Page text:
A Broker’s Perspective: Changing Medical Requirements in Life Underwriting

As usual, Dr. Goldstone has provided excellent information on a problem that continues to concern all of us in life insurance marketing and underwriting.  Changes in medical requirements are simply a function of the many advances being made in science and medicine.

As our tools for dealing with health issues become sharper and more refined and the diagnostic tools available continue to evolve, so too will the tests used to evaluate individuals for life insurance in order to get the best possible rating and price.

As readers of this magazine are aware, underwriting is both an art and a science that attempts to analyze an individual’s best and most favorable risk assessment by reviewing his health as accurately as possible.

The primary function of a brokerage general agent is to serve as your back office to assist in quoting and then getting coverage underwritten and placed at the most favorable rate possible with the least hassle for you and your client. That being said, it is important that we know the difference among medical requirements with different companies for the age, face amount and product type desired. With this information we can help guide you (and your client) through the underwriting process in an effort to obtain insurance as successfully as possible.

While I agree with many of my colleagues that we need to continually strive to find easier and better methods of obtaining the medical information required, there are certain tests that cause ongoing concern.  While they may look like advantages, they have unacceptable tradeoffs. For example, the complication of blood tests makes the use of an oral swab look like a good option. Yet the limited value of this test needs to be considered against the currently high level of inaccuracy. Because of this tradeoff, many BGAs will advise a producer of this option, when available, but will also caution him about the issues associated with it.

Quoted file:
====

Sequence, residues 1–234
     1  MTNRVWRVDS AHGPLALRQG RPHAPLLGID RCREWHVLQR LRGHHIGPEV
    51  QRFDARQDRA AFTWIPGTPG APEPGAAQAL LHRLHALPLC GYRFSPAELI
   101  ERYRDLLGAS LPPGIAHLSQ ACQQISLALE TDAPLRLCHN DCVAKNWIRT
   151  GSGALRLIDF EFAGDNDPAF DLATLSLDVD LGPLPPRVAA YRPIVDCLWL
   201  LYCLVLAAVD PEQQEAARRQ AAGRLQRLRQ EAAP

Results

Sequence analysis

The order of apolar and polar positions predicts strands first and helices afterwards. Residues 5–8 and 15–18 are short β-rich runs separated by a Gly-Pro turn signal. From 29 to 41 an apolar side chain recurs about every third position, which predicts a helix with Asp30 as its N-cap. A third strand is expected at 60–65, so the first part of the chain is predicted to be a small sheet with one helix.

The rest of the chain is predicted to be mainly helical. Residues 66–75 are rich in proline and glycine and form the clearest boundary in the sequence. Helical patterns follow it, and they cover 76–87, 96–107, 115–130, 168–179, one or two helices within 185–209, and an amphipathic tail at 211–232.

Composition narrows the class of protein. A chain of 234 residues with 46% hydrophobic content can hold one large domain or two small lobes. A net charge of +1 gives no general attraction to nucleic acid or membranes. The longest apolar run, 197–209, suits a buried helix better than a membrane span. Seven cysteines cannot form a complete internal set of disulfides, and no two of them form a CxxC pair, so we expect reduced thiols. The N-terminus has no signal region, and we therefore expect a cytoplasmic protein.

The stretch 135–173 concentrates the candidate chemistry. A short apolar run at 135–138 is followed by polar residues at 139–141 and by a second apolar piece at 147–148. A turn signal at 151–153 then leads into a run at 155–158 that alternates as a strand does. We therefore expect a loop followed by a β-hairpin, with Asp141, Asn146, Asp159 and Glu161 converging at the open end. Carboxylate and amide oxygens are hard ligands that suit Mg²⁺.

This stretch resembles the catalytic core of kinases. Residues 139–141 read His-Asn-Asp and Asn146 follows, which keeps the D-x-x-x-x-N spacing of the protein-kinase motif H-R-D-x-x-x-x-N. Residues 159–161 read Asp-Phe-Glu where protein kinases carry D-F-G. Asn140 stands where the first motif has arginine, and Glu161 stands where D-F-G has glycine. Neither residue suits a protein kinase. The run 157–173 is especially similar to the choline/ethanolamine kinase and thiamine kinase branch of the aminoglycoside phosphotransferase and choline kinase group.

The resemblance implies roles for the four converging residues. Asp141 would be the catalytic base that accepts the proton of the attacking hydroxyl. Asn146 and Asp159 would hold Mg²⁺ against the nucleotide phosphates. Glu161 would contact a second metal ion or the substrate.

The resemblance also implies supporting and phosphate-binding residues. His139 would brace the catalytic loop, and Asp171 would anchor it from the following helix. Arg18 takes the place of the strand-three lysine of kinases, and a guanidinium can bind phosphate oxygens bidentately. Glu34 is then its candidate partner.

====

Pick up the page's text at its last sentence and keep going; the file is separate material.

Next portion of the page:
As Ray Dinstel, underwriting vice president at Genworth Financial, has said, “At the present time, blood testing continues to be an important underwriting requirement for fully underwritten products.” In our changing world, the insurance community

must definitely continue to strive for a competitive position for themselves and their products, and that requires an ongoing level of study and review. Your BGA should be relied on as a resource for you to locate, recommend and deliver the best product in today’s market.  

Author’s Footnote: As many of you have found, study groups can be an enormous value in making this research easier and more readily available. For more than 30 years, I have had the privilege of belonging to a study group that has been long recognized as the very best group in the underwriting of life insurance risks—the Risk Appraisal Forum. Our semi-annual meetings include guests (both medical and underwriting officers) from insurance companies in the life brokerage community (both product manufacturers as well as the reinsurers). Anyone interested in learning more about RAF, go to www.riskappraisalforum.com.

Written By Gary Dworkin for February 2012 issue of Broker World Magazine. GARY S. DWORKIN CLU, RHU, is founder and president of Dworkin Associates, Inc. (DAI), with offices in Rochester, NH and Naples, FL.



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